This year’s Payton Lectures are being given by the Right Reverend Rowan Williams, the 104th Archbishop of Canterbury – what follows are my notes from the discussion after the first lecture.
Theology and Human Rights: Tension or Convergence
“Human Rights and Human Identity” (Response)
The Right Reverend Rowan Williams
Respondent #1: Matt Kaemingk
- Two Camps: Those who see conflict between theology and those who see convergence
- Those who see conflict now see there is a common ancestry and numerous ways that contemporary rights talk is still haunted by these origins
- Those who see convergence now see there are some deep conceptual chasms between rights rooted in the sovereign will of an individual and the sovereign will of a loving God
- Three points to press:
- At multiple points stressed the need to thicken up our concept of rights in the common good. Why not go the minimalist route? Why not salvage rights discourse by making it more limited?
- What is the relationship between the intellectual concept of rights and the spiritual longing to see those rights upheld? You can explain X has rights, and the people will intellectually agree, however, the problem is that citizens “no longer long or hope” for societies where X’s rights are upheld at all cost. What we need is not just an intellectual articulation but a longing for these rights to be made manifest.
- At a couple of points you mention smaller communities – and an individual’s needs for small communities and spaces where we can practice mutuality/sharing. Speak more to the need of associational and communal life for being able to carry out this articulation of human rights.
Respondent #2: Clifton Clarke
- The dominant question is how can we hold the language of human rights and keep our discourse about theological traditions. The concept of human rights is most prevalent articulation of a moral ideal.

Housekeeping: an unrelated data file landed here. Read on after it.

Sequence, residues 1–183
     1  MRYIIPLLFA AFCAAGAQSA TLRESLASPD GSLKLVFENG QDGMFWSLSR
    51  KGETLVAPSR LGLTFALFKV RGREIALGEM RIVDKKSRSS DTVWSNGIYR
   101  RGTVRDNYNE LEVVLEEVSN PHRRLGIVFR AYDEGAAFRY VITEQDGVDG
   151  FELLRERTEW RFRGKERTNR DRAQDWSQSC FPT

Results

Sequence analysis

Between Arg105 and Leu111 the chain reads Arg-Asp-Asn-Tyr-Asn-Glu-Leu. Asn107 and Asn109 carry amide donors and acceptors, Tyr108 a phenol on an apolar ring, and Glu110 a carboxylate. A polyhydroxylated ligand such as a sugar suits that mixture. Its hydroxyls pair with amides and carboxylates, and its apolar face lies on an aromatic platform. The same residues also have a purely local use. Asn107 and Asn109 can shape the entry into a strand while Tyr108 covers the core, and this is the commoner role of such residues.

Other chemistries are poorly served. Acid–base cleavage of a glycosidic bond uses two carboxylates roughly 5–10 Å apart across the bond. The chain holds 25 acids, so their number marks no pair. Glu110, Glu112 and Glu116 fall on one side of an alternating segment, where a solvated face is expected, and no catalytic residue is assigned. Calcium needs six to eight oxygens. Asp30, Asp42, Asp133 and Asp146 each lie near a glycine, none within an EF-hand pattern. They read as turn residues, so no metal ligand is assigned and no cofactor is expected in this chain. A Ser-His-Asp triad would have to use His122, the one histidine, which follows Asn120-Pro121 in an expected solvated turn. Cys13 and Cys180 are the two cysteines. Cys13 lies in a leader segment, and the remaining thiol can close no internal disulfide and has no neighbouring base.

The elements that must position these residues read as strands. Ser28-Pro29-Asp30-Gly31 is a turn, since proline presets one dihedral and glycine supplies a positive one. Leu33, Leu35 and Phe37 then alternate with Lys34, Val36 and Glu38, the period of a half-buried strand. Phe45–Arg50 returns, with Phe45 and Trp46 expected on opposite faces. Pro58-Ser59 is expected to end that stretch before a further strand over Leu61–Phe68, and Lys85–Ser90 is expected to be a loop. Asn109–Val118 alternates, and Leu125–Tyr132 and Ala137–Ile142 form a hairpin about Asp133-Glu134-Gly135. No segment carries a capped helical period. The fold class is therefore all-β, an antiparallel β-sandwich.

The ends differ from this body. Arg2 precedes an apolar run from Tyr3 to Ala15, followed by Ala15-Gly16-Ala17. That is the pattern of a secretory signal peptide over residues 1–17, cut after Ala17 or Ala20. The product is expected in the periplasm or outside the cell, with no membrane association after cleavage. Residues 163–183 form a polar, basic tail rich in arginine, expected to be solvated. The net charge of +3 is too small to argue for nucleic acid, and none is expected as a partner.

- Movement from rights to goals? Are these a demonstration that powerful nations are no longer interested in rights.
- Needed to address the link between white privilege and rights being used to bolster its agenda. Similarly, between powerful nations and their failure to uphold justice simply because they are in power.
- While human rights negates colonialism (at least in thought), it simultaneously is used to justify it.
Rowan Williams’ Reponse
- One can’t address this topic w/o addressing the cultural involvements would be that would take us forward.
- The question about desire: Do we actually want our citizenship to be genuinely shared with the stranger? We have such little desire for the wellbeing of others…
- The question about the implication of rights discourse in a Eurocentric/western thought… Yes it needs to be recognized. Its already in the thought of John Locke. However, see as a counterexample: Bartolome de las Casas.
- We have been reminded of the uncomfortable gap between right’s discourse and practices of power.
- Rights discourse will only work in small particulars, i.e. communities.
Questions & Discussion
- If there isn’t something metaphysical grounding why human beings are equal, then all we have is a “liberal consensus,” and that won’t be enough.
- Freedom = ability to exercise your humanity to contribute to human flourishing. Freedom is not maximizing the individual’s consumer choice.
- The neighbor I confront is never at my disposal because they are already claimed by Christ.
- No I don’t think I have a right to be offended, what I do think is that I do have a right to exercise the gift God has given me in the community I have been placed. Some kinds of speech have the effect of negating that.
- As so often the old chap gets it right brilliantly. (Speaking of John Calvin)